Bob: 08:39 Well, that’s why it’s important to make something totally unique, right? Like if you’re just going to copy something and create a commodity, you’re going to get lost in the noise. But if you create something like truly valuable and unique, that’s problem solving. You have a like a a window where you’re the only game in town and there’s a lot of profit before everyone jumps in and copies you. And that’s basically with the black sheep one was about finding that problem-solving product and making that profit and then went to die. Cause the life cycle is shorter now than there used to be. Right? Because ever since 2017 when the Chinese gone on to North American e-commerce, like the whole climate change because they operate differently. People in North America, we play by the book, we think reviews are real. We think that like, you know everything on the internet, it’s honest, right? Where if people from China like big, that’s what they did with Trump. People on the Russians went on Facebook and flew a bunch of propaganda on Facebook and people thought it was real and that’s how Trump basically got elected. And the same thing is happening on Amazon where the Chinese are filling with fake reviews and fake sales ranking and like all this kind of stuff. And North American consumers think it’s real, you know? And that’s how they’re exploiting the internet right now. And I think that there needs to be like the collective unconscious of North America needs to wake up and realize, Hey, we’re getting hacked. You know, not everything on the internet is right.
Tyler: 09:50 It’s interesting, like the way like you’re presenting that we’re getting hacked isn’t like they’re infiltrating our computer systems, right? They’re actually infiltrating our minds through like the way that we’re being presented information. And so I think this kind of comes back to just the, the importance of general consumer awareness, right? Which as a marketer, it’s kind of our job too, right? As a marketer selling a product, it’s our job to get someone to understand the need of why they need our product and kind of hack them towards our direction, right? And, but the goal is to be an ethical marketer and only end to be selling quality products and products that benefit and improve people’s lives.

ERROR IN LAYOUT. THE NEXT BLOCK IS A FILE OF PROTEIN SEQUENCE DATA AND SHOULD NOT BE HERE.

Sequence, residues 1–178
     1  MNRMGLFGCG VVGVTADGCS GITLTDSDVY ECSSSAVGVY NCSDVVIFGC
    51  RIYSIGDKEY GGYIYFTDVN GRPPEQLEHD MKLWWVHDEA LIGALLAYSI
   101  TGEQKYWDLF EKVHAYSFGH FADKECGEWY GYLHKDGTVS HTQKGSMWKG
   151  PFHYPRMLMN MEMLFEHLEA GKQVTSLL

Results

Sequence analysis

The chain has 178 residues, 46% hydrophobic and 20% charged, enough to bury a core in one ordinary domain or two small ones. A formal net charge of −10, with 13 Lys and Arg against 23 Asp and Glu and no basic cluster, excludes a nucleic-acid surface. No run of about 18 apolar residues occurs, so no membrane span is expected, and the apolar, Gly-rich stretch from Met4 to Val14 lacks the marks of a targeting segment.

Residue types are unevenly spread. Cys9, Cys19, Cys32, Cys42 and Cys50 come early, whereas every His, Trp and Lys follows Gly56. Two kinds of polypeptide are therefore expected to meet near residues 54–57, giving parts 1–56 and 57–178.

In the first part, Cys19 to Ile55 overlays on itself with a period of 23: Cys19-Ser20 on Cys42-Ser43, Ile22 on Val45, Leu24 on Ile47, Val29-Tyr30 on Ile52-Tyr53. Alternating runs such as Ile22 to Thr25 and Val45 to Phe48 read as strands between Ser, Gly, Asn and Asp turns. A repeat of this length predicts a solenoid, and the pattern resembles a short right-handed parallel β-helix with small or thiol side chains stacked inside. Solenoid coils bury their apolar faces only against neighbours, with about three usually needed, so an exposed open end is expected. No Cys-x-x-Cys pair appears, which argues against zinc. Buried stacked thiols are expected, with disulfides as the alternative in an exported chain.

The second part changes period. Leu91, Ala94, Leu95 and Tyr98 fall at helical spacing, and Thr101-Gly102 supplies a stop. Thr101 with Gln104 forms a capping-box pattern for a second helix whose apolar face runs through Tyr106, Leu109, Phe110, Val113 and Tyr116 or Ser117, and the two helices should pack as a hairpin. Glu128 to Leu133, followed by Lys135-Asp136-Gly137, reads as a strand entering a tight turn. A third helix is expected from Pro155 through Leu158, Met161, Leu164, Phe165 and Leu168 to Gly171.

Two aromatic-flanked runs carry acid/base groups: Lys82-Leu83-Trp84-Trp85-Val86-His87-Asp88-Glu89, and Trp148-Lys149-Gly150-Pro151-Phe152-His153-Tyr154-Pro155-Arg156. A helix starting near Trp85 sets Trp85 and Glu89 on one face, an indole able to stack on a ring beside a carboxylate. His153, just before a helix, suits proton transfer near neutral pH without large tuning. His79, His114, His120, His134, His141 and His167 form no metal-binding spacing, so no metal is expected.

Bob: 10:28 I’m trying to create quality products and back them up with lab reports and make it as good as possible, you know, and go that way instead of trying to trick people into like, you know, saying that this product from China is like nontoxic and blah blah blah. But I don’t actually have a lab report to back it up. You know, I’m trying to go like, as good as possible what, you know, there’s just so much competition and my competition who copied me or they claimed that their products non-toxic too, but they don’t have lab reports, you know. So I don’t know how they can claim that.
Tyler: 10:56 Yeah. It’s fascinating. So what made you, you know, want to go from creating all of your own products, developing all the, you know, running your own companies. What made you want to come up with black sheep formula in the book and start sharing that with the world?
Bob: 11:10 I was already helping people like all the time basically. You know, so like I had people who I didn’t even know contacting me asking about different products that they, maybe they read about me on Tim Ferris or whatever. And so I was already helping people all the time and I just decided like, Hey, I should put this into a book and just make it a thing making another product. So, and I’m really passionate about it, right? Like, cause I started with 20-100 bucks, like basically back in 2005 so I’m really like from like I started with nothing. So I really like the formula is really important to me and it’s really almost like a religion to me. It’s been like something that has changed my life personally from being like totally broke to living pretty good, you know? So I’m happy to share it with other people and I’m not sure if everybody is capable of doing it because I don’t know if everyone’s born an entrepreneur. I used to think that, but like I don’t know if everyone has the ability to work from home, like, you know, on their own agenda or whatever. But like at least for the people who do, here’s the formula from point a to point Z on everything you need to do to turn $5,000 into $1 million. Right? Like as far as I know, there’s no Tim Ferriss for our work week is like the closest thing to my book on it that’s out there. But the black sheep formula is, is a lot more specific on exactly what kind of product, exactly how you do it, exactly where you get it done, exactly how you market it. Like everything. It’s literally a formula. It’s not theoretical. It’s not trying to say like, Oh, if you have your own business, you’re gonna have a great life. Like that’s not, it’s not a motivational book. Like that is a how to book on exactly how to, how you do it. So if someone hates their job and if someone’s like a stuck in a corporate hell, this book, save them from that.
Tyler: 12:49 So where the four hour work week is really good as helping people have a belief that it’s possible, right? Like it’s a very introductory level to drop shipping and, and to eCommerce and to starting a business. This war book black sheet formula takes it from kind of the introduction to self-employment one Oh one right to really to an advance, like from that step all the way through an advanced course. What would you say? Like, you know, if someone’s, because he stumbles across your book, give them, you know, kind of the intro, the cover of what, what it is.